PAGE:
12. LOVE FROM THE OTHER SIDE – Fall Out Boy (7)
  13. PAID OFF – Oli Barton & the Movement (14)
  14. WOLF – Yeah Yeah Yeahs (15)
  15. I WANT YOU DEAD – Two Feet & Allie Cabal (12)
  16. THE PERFECT PAIR – beabadoobee (17)
  17. NOT STRONG ENOUGH – boygenius (18)
  18. GO DOWN RIVER – The Heavy Heavy (20)
  19. DUMMY – Portugal. The Man (21)
  20. ESSENCE – Refeci & Shimmer Johnson (22)
  21. BACKPATTERS AND SHOOTERS – The Zangwills (13) 20th week on chart
  22. ANGELICA – Wet Leg (24)
  23. 1982 – Morgendust (25)
  24. RESCUE ME – Dirty Heads (26)
  25. LEAVING – Au Gres (27)
  26. TROUBLE WITH THIS BED – Beach Weather (19) 22nd week on chart
  27. THE WAY – Manchester Orchestra (29)
  28. IN MY HEAD – Mike Shinoda & Kailee Morgue (30)
  29. THOSE EYES – New West (N)
  30. WHY – Future Theory (N)

KEWEN – Single Review: “Chapters”

Kewen is the solo music project of British singer-songwriter Callum Kewen, who plays a pleasing style of folk rock inspired by such acts as Bob Dylan, Johnny Cash, the Beatles and Bruce Springsteen. Based in Northeast England, the busy young musician is also frontman and lead vocalist of soft rock band Kewen & The Crosswalks, and does oral music reviews of local artists on his Facebook page.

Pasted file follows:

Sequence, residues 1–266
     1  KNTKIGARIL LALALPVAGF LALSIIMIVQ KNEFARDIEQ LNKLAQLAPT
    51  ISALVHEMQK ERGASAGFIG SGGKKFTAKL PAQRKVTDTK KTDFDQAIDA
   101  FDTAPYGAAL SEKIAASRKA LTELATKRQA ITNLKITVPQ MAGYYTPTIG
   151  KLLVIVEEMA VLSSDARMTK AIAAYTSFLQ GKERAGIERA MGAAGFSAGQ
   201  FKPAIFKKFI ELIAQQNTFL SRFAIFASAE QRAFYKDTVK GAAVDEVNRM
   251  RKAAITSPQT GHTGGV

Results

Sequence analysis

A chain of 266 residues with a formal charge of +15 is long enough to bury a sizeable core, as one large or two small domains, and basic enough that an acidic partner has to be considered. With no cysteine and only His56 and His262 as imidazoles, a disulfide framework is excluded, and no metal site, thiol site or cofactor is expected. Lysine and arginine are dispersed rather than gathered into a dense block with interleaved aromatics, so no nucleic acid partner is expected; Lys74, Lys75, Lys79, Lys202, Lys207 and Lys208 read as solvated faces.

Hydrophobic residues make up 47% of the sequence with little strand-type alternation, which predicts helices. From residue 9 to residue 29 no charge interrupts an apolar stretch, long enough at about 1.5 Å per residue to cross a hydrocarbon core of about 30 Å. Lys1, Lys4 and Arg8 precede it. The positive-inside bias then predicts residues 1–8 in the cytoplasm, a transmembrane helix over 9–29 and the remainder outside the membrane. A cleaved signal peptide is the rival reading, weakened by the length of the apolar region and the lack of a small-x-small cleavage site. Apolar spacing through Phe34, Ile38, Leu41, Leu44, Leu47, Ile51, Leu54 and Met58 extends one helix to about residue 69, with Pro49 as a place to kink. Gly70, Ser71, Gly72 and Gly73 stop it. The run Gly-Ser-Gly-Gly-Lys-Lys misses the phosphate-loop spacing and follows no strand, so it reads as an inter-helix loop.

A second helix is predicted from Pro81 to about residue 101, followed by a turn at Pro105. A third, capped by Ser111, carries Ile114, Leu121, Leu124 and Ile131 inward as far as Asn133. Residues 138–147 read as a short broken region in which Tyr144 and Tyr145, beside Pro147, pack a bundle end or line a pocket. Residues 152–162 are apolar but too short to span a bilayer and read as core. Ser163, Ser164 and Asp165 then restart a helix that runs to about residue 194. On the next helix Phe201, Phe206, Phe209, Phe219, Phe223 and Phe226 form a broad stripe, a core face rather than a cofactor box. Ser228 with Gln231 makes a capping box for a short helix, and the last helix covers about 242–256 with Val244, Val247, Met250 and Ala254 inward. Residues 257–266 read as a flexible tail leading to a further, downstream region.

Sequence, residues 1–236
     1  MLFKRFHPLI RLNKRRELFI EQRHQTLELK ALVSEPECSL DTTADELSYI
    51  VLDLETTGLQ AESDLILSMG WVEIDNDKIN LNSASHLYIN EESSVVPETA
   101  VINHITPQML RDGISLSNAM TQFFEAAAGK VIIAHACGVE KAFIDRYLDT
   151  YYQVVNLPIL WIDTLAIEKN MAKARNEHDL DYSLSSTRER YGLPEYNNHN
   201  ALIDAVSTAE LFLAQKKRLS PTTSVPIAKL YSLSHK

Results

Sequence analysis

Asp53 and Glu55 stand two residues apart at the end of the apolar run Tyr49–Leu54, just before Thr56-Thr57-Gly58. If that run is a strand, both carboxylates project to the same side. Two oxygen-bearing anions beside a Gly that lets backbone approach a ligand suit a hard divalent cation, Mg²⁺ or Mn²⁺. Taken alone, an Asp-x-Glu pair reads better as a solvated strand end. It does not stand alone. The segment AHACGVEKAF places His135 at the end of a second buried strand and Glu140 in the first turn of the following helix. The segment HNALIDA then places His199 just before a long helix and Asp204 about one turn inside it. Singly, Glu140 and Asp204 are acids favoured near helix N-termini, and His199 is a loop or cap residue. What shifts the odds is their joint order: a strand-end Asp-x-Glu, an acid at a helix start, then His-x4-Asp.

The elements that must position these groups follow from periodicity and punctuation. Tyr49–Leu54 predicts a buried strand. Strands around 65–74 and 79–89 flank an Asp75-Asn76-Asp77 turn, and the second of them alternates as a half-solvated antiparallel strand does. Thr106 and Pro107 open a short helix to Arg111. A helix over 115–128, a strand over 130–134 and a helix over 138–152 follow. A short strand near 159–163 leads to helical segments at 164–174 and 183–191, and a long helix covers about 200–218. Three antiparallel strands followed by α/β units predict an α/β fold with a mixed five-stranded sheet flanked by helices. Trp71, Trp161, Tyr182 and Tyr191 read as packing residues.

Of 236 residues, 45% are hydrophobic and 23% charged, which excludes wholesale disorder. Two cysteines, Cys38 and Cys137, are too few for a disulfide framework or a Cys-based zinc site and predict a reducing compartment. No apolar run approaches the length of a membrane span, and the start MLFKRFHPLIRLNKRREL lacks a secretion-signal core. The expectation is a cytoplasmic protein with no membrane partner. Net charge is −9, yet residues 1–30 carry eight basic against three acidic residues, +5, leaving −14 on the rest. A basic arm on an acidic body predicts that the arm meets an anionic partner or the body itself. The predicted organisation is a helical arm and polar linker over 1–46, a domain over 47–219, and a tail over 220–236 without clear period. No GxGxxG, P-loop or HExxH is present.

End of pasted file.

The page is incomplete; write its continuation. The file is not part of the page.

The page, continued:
He’s been releasing music as a solo artist for six years, beginning with his debut singles “This Feelin’” and “This April Day” in April 2017, followed that September by his first EP Chimes. He followed that EP with more singles, culminating in the release of his second EP A Little Bit of Magic in 2019. He dropped a lockdown single “Freedom” in 2020, then a single “The Line” in 2021. Since then, he’s been working on his debut album Chapters, due for release in September. He just dropped the album’s title single “Chapters“, an upbeat song of optimism and hope for a better future.